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Ajax and the JQuery JavaScript Library


Welcome to the seventh part of a series introducing the jQuery JavaScript library. Made up of eight comprehensive articles, this series provides you with the right pointers to get started using this JavaScript software so you can take advantage of its remarkable functionality.

Author Info:
By: Alejandro Gervasio
Rating: 5 stars5 stars5 stars5 stars5 stars / 4
September 23, 2009
TABLE OF CONTENTS:
  1. · Ajax and the JQuery JavaScript Library
  2. · Triggering GET and POST HTTP requests with Ajax
  3. · Sending GET and POST requests with Ajax
  4. · Displaying and hiding elements in a web document

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Ajax and the JQuery JavaScript Library
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For many web designers, developing JavaScript applications can be a truly challenging task, since they’re mostly focused on dealing with the structural markup and CSS styles that comprise a web site. As you know, popular JavaScript frameworks like Prototype and Ext JS, to cite just two, require an intermediate background in client-side programming to get the most out of them.

However, with the introduction of the jQuery library into the terrain of third-party frameworks, hopefully this scenario will start to change soon. This software allows you to build full-featured JavaScript programs by means of an intuitive interface that many web designers may find appealing.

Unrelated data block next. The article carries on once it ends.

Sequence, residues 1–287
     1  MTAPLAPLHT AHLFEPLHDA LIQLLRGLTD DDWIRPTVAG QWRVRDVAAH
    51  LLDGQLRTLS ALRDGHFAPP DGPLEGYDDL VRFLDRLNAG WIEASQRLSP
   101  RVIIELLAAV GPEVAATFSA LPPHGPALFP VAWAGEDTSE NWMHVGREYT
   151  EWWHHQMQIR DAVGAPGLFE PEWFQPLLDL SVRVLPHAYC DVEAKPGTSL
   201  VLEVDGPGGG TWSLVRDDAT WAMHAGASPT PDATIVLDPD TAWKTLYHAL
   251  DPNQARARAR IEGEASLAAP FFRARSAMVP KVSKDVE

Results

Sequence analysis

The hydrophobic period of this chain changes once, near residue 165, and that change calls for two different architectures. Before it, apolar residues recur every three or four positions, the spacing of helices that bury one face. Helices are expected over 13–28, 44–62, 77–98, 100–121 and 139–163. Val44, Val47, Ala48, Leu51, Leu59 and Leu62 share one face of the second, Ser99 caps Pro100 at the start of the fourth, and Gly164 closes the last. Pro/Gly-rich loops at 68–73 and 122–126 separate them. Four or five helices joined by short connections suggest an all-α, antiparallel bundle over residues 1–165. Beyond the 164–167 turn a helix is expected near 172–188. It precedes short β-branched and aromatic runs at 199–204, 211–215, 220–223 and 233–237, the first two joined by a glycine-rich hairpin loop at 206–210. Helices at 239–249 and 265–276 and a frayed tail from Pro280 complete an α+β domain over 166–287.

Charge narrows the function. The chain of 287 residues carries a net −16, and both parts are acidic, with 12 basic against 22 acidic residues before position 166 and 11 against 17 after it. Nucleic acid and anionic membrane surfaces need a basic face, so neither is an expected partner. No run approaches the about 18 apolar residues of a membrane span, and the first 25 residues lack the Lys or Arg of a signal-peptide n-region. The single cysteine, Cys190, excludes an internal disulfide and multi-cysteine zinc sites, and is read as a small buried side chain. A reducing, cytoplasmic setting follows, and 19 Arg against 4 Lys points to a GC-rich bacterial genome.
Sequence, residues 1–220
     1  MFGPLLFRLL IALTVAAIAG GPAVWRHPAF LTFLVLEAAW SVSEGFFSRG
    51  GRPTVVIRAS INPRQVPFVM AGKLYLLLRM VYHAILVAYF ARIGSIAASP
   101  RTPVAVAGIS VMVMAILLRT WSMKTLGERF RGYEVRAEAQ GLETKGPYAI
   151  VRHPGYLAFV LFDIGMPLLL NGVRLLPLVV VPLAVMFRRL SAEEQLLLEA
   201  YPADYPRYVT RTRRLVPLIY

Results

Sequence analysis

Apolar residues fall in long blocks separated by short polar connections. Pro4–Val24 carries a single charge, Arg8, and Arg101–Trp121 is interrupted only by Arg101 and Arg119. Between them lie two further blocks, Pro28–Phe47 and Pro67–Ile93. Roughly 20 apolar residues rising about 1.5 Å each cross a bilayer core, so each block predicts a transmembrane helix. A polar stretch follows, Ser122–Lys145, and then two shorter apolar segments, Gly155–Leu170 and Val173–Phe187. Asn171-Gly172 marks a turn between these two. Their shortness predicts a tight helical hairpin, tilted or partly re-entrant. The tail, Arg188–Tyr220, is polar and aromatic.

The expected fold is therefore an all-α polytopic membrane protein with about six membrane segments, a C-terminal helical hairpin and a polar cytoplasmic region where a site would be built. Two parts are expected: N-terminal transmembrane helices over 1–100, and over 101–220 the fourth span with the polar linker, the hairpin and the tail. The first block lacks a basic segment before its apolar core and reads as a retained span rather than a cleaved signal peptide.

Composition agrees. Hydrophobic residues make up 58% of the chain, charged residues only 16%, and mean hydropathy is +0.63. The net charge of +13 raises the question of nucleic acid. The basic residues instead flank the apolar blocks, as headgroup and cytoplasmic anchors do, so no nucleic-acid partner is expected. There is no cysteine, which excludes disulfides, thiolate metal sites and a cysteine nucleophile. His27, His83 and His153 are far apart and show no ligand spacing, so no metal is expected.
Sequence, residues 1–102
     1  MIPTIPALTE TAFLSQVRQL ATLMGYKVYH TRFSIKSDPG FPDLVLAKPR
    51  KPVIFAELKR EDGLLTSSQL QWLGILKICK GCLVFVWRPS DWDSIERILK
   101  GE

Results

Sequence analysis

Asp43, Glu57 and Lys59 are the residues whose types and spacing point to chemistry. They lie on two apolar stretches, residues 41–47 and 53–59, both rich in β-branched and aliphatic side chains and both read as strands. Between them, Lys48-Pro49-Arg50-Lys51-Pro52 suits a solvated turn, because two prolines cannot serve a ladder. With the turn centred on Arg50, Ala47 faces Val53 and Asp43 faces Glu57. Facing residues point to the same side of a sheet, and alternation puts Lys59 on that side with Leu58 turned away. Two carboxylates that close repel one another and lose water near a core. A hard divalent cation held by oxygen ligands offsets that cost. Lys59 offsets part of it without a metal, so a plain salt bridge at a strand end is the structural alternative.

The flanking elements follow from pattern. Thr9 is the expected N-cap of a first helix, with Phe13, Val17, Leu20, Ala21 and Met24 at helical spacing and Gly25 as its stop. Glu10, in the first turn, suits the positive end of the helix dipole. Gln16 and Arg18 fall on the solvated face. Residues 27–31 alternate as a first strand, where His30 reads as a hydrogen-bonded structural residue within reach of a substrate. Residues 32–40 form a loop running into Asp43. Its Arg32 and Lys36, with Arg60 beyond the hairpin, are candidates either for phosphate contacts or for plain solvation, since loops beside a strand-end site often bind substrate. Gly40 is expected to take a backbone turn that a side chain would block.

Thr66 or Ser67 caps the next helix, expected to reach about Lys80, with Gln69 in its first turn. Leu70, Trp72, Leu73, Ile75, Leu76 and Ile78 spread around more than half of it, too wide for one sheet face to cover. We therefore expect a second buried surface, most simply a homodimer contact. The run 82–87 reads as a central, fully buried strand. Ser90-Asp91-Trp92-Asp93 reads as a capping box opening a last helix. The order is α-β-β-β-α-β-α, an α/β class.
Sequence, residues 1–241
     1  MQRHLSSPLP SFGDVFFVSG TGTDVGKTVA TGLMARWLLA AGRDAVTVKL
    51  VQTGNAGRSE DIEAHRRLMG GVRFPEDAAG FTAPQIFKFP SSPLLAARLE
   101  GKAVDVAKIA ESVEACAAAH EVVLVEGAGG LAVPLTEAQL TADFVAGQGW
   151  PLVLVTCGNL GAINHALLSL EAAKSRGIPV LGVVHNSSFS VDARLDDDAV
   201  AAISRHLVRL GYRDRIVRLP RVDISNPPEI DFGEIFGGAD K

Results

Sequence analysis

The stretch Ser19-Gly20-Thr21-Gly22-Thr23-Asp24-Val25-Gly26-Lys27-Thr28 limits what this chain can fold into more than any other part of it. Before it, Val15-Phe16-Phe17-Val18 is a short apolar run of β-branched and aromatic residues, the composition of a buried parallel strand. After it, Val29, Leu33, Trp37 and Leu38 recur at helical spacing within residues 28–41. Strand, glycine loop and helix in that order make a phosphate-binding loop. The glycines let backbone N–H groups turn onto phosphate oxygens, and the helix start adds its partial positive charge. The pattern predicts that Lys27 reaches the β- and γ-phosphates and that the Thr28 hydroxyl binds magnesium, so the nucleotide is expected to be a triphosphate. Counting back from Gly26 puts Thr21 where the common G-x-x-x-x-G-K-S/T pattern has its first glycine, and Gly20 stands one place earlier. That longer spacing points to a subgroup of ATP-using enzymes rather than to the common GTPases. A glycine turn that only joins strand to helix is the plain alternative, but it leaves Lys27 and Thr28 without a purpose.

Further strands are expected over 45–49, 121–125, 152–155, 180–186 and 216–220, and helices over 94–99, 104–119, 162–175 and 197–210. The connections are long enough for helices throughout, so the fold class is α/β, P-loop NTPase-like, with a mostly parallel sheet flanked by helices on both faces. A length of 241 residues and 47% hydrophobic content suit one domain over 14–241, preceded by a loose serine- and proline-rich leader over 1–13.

So, if you’re interested in learning to use some of the most important methods that come with the jQuery package, then don’t hesitate anymore; begin reading this tutorial now!

In the last article I left off discussing how to use the library to dynamically manipulate the CSS styles of certain elements within a web document. As you’ll possibly recall, this process was performed with the assistance of the “addClass()” and “removeClass()” methods respectively. When used intelligently, they allow you to implement some basic, yet attractive, mouse over effects.

The functionality of “jQuery” isn’t limited to handling mouse events and CSS styles, however. It includes an Ajax module that’s pretty simple to use and implement. Thus, in the next few lines, I’m going to show you how to build some basic Ajax applications, and introduce some of jQuery's numerous animation effects.

With the preliminaries out of our way, it’s time to continue learning more useful ways to implement the jQuery library. Let’s go!


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